Since Ramadan is a time for inner reflection and self-improvement, its personal impact is unique to the individual. But on a broader level, fasting during Ramadan is intended to help one learn self-control and let her/his spiritual nature grow stronger. From the thirst and hunger, fasting is also meant to foster empathy for those who don’t get enough to eat, and Ramadan is a critical time for giving to charity.

For me, personally, Ramadan is a chance to try not to get so wrapped up in work and the daily grind, and to improve on my weaknesses (such as…my temper) and become a more calm and self-aware person. This is challenging every year, but I like to think I’m veerry slooowly getting better at it. This year, fasting will be particularly trying with the heat, so I’ll get good practice at bettering my temperament hopefully.

Recently I learned about another goal during Ramadan, which is to strive to make Ramadan, and other facets of our spiritual lives, more ‘green’. Speaking logistically, Ramadan entails a pre-sunrise meal (suhr) and post-sunset meal (iftar). And speaking from experience, this is the most enjoyable in the company of others. People often turn iftars into potlucks after work, and there can be a fair amount of plastic ware and containers that get thrown away afterwards.

A sunset meal: veggie pot pie with homemade biscuits

A few years ago, I attended a ‘Zero Trash Iftar’ hosted by Green Muslims, an organization based in the DC area that seeks to build environmental leadership, awareness, and action within Muslim communities in America. At the iftar, everyone brought their dishes in re-usable containers, and their own eating utensils and reusable napkins (and so begins the revival of handkerchiefs! Maybe). I met cool people and it felt good to break my fast on wholesome food and consciously avoid piling up on trash. I’ve since learned more about the eco-conscious movement taking root within the American Muslim community, and wanted to share some other actions I’d like to take toward the green Ramadan goal.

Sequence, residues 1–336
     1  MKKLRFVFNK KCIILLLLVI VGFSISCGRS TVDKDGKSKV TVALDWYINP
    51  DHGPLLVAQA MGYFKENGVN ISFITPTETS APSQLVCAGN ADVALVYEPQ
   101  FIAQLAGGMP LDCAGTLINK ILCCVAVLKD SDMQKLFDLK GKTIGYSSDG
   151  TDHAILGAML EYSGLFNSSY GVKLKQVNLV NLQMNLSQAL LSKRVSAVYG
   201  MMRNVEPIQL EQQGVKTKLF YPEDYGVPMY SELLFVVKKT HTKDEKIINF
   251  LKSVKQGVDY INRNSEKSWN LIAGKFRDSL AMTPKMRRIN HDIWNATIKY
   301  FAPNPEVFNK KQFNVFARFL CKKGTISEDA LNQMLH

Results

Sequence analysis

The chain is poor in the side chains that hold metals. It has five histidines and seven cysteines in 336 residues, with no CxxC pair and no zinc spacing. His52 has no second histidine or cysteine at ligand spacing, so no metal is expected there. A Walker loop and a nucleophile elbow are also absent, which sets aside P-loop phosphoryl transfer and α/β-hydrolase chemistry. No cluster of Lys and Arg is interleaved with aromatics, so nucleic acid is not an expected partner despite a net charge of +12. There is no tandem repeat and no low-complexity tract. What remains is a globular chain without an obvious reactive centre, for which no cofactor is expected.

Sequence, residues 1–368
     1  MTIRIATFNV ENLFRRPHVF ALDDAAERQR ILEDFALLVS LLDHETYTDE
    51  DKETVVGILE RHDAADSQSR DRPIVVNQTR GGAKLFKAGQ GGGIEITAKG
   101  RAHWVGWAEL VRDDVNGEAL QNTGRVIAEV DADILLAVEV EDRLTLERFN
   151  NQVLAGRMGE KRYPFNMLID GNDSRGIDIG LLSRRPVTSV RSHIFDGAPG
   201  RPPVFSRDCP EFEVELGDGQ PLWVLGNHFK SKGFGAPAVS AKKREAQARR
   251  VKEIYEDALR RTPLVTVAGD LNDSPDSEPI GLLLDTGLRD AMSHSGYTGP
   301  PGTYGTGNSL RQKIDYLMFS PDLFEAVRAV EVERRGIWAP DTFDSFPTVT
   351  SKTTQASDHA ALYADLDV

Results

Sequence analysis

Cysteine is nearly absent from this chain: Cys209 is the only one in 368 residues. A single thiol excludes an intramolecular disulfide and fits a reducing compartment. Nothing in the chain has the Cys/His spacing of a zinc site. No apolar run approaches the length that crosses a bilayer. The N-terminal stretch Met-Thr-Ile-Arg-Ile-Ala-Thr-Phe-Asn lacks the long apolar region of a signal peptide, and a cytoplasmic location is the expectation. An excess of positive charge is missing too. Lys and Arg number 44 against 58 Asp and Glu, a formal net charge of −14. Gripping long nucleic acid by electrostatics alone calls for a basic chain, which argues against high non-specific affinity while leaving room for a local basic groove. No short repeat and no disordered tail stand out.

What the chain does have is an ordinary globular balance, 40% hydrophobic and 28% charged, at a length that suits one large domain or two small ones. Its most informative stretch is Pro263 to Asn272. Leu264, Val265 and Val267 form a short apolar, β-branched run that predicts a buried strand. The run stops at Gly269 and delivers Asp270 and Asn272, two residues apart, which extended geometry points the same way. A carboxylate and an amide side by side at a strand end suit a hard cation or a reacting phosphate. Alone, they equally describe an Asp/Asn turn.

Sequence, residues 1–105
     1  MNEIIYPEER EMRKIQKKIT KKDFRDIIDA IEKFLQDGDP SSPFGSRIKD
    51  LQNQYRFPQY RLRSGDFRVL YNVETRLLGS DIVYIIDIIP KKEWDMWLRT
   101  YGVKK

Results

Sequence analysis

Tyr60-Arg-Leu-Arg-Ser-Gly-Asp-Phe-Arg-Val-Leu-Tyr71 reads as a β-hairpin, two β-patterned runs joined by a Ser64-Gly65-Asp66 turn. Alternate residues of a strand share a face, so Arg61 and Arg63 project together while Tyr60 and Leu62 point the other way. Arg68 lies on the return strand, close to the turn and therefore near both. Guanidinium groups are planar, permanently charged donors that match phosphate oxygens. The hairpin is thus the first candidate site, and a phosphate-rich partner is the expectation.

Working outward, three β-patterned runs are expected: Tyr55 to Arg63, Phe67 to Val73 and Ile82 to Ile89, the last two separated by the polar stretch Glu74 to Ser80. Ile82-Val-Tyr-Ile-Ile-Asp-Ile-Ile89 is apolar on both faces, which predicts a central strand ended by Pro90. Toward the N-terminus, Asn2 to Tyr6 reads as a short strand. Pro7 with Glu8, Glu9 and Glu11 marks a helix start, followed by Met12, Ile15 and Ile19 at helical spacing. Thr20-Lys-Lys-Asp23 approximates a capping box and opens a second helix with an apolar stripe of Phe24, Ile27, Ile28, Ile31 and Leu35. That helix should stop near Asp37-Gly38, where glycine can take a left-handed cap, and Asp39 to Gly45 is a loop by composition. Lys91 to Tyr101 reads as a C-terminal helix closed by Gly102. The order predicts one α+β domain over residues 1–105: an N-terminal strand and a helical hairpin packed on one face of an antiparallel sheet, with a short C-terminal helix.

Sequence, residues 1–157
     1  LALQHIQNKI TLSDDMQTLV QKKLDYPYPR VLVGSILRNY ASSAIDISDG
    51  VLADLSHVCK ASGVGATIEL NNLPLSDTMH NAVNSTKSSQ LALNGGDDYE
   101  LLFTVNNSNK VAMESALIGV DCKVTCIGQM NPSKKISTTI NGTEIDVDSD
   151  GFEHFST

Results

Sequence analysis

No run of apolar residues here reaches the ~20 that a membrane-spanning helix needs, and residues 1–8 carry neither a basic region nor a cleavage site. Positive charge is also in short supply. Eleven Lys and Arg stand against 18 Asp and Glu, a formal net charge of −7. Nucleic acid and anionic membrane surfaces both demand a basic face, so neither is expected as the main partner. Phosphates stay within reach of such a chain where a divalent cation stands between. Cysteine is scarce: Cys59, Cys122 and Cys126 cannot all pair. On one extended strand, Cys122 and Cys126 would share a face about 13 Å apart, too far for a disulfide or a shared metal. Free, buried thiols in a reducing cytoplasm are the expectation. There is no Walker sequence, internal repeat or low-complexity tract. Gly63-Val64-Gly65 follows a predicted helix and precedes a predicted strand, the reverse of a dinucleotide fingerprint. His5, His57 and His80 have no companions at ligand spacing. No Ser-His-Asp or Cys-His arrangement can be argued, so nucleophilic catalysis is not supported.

Here are some suggestions from a green multifaith webinar:

  • When washing up for the 5 daily prayers, or even when having a shower, try to limit how much water is used.
  • Switch from plastic water bottles and Styrofoam to reusable water bottles and containers—speaking for myself, this can be tough when getting leftovers from a restaurant, so I’d need to devise a plan.
  • After a long day of fasting, try not to take more food than one can comfortably digest, to avoid wasting food. Also, try consuming more fruits and vegetables than meat. Since I have been eating vegetarian for awhile now, I hope to keep that up.

I’ve concluded that these actions will entail, for myself, going for more homemade meals for suhr and iftar. So, I’m hoping to implement some of my trial dishes this Ramadan and that these will keep me full and healthy this month.

Steel cut oats with maple syrup and pecans